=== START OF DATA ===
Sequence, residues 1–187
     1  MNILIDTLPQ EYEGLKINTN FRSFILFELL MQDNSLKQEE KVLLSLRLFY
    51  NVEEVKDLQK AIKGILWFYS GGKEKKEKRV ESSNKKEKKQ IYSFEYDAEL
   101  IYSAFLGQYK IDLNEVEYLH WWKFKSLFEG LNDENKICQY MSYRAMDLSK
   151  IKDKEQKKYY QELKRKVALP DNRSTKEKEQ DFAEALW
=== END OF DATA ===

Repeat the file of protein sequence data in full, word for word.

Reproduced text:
Sequence, residues 1–187
     1  MNILIDTLPQ EYEGLKINTN FRSFILFELL MQDNSLKQEE KVLLSLRLFY
    51  NVEEVKDLQK AIKGILWFYS GGKEKKEKRV ESSNKKEKKQ IYSFEYDAEL
   101  IYSAFLGQYK IDLNEVEYLH WWKFKSLFEG LNDENKICQY MSYRAMDLSK
   151  IKDKEQKKYY QELKRKVALP DNRSTKEKEQ DFAEALW